Exercise a ‘life saver’ for personal trainer with MS

Dave Parker was in a pretty dark place.

Within the space of about two years, his wife died, he was left as a solo parent looking after children, he had to have a hip replacement and then he was diagnosed with multiple sclerosis.

The multiple sclerosis caused him to have some cognitive issues, he lost the use of his right arm, he used to fall over a lot and he temporarily went blind.

To top it off, it made his job in management impossible to do.

"I’ve just got that many lesions all over my brain.

"It was one thing after another, after another. It was a lot. I’ve been through some pretty rocky places."

But today, life is completely different for the 38-year-old.

After his MS diagnosis, he discovered physical exercise improved his symptoms, so he started retraining at Otago Polytechnic as a personal trainer - one of his greatest challenges.

"Everything points to exercise being really good for you when you have MS and I refused to quit.

"The exercise has helped. My brain has re-routed the signals and now my vision has come back lots - it’s not perfect, but it has come back a lot - and my balance is much better."

Personal trainer Dave Parker works out at Propel Fitness, where he gives others with multiple...
Personal trainer Dave Parker works out at Propel Fitness, where he gives others with multiple sclerosis and other medical conditions training on exercise equipment to give them a better quality of life. PHOTO: PETER MCINTOSH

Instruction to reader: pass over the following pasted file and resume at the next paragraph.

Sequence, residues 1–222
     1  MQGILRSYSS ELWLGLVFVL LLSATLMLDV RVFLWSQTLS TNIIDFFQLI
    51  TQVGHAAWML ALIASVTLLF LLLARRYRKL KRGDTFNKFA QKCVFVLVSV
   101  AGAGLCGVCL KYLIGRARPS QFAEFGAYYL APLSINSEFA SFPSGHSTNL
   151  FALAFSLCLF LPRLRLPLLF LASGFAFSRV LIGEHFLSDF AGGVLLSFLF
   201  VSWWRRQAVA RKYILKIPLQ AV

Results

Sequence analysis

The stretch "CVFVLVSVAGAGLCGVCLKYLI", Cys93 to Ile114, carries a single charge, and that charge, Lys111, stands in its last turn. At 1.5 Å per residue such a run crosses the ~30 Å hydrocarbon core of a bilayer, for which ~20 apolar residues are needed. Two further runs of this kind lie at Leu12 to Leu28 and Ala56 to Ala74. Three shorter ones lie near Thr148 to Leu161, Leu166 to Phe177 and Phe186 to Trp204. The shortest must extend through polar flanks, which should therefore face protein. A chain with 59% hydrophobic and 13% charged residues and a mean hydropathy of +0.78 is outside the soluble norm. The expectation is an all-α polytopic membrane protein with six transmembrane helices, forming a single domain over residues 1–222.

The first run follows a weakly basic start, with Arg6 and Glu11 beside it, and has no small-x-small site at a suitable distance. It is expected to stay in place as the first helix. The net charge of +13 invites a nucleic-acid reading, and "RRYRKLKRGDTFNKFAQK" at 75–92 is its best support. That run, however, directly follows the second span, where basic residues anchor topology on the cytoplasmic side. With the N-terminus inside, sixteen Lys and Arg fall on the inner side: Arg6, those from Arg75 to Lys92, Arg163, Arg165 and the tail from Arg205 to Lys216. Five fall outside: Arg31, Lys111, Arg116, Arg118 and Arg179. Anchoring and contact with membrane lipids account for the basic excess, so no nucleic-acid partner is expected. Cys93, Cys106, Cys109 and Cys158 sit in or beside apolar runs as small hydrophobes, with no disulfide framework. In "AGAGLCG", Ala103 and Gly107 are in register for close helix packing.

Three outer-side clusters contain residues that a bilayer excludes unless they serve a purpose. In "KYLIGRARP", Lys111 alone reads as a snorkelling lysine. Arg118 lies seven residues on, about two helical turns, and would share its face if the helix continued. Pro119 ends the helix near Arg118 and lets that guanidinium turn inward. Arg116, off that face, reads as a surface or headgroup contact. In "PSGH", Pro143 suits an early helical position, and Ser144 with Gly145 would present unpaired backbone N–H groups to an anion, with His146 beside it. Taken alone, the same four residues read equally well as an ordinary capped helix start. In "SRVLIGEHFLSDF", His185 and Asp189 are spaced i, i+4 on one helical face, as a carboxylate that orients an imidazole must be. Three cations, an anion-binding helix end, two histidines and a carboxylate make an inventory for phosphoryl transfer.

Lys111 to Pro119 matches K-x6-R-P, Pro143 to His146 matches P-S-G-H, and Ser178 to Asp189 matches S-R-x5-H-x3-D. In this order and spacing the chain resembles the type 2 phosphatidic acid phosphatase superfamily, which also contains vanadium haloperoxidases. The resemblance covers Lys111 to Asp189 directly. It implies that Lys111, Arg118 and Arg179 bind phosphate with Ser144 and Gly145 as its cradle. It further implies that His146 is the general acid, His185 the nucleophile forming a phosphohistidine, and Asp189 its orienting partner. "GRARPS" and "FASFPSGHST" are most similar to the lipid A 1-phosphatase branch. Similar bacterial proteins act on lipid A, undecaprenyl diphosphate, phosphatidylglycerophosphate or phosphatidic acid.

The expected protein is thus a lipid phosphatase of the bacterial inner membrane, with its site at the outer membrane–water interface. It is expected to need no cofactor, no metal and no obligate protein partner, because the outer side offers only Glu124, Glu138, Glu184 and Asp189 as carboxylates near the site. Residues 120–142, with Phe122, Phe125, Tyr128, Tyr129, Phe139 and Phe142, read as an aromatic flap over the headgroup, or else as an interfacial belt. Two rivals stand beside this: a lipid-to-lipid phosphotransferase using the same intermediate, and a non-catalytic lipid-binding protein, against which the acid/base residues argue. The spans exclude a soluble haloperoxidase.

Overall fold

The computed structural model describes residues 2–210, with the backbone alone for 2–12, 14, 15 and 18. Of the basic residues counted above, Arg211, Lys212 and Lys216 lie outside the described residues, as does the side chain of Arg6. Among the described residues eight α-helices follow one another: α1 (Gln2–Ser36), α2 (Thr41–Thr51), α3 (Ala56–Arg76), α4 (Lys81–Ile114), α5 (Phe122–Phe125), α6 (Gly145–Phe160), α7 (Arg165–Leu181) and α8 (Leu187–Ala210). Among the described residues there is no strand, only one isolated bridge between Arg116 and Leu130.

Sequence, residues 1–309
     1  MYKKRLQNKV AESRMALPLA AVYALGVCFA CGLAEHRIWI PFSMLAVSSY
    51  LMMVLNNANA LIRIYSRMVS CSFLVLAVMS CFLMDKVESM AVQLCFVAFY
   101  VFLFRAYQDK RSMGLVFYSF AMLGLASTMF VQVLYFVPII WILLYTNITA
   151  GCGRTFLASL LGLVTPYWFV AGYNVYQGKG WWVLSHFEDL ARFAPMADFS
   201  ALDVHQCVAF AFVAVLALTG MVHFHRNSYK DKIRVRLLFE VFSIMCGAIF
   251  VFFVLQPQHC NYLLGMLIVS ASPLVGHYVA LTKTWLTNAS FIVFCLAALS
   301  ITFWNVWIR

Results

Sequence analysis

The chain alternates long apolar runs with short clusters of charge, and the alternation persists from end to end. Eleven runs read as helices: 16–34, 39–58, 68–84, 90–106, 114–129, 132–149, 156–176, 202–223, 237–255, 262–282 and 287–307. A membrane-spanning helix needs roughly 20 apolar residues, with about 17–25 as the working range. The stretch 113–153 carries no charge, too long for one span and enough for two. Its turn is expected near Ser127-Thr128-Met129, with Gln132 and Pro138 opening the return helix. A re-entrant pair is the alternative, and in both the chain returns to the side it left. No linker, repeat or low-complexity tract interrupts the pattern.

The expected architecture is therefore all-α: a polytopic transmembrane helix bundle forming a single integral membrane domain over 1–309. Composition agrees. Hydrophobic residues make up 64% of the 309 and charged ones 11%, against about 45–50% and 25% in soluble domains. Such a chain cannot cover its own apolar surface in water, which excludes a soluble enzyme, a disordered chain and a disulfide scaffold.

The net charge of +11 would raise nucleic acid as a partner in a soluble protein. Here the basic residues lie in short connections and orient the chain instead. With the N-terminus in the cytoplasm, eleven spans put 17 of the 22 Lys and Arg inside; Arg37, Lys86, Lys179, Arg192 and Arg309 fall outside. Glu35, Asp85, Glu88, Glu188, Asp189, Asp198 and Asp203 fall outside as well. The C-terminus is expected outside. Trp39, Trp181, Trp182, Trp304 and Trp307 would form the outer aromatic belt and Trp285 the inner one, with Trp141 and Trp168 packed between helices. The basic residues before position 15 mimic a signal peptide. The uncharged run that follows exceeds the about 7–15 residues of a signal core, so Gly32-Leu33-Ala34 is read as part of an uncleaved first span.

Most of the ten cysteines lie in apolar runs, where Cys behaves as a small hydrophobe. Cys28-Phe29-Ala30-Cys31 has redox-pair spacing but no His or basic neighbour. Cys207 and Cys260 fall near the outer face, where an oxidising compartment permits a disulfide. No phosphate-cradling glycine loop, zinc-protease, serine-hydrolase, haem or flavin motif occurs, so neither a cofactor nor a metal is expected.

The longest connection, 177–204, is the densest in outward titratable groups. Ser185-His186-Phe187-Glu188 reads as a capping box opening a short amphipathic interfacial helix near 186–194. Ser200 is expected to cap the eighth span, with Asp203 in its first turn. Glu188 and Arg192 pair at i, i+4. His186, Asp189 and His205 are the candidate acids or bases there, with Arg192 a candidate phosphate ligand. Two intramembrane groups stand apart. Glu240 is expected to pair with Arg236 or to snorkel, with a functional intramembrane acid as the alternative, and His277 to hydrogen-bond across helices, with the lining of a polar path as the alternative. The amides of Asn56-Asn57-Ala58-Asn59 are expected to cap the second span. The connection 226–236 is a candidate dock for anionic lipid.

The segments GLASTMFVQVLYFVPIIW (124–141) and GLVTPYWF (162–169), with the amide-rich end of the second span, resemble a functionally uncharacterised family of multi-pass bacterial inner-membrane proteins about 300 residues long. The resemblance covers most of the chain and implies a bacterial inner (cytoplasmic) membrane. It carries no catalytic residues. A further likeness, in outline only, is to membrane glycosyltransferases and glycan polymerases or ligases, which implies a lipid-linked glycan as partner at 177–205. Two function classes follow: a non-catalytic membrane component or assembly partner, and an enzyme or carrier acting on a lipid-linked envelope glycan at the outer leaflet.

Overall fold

He was also supposed to have his second hip replaced, but through his exercise regime he had managed to "stave it off".

"There are so many benefits to my health."

Now he has started his own personal training business and operates out of Propel Fitness in Princes St, Dunedin.

"I could see that I wasn’t going to be working all that much longer, so I decided to call it early and retrain in something that gave me a little bit more purpose.

"What I’m trying to do is work with other people with MS and other people who are sick, and try and lift their health and life prognosis through exercise."

Mr Parker said, these days, he woke up raring to go.

"I wake up and I say, ‘I’m going to go to the gym and I’m going to work out and I’m going to try and advertise myself’. I look forward to every day now.

"Exercise has saved my life. It’s also given me something to work towards - it’s given my life purpose."

At the moment, he has several clients, including his mother who has mobility issues.

"She’s 68 and was groaning every time she sat down or stood up, and picking things up off the floor was so hard for her.

"But now, she can lift 55kg off the ground and we’re talking about doing a powerlifting competition.

"I’m amazed at what the human body can do."






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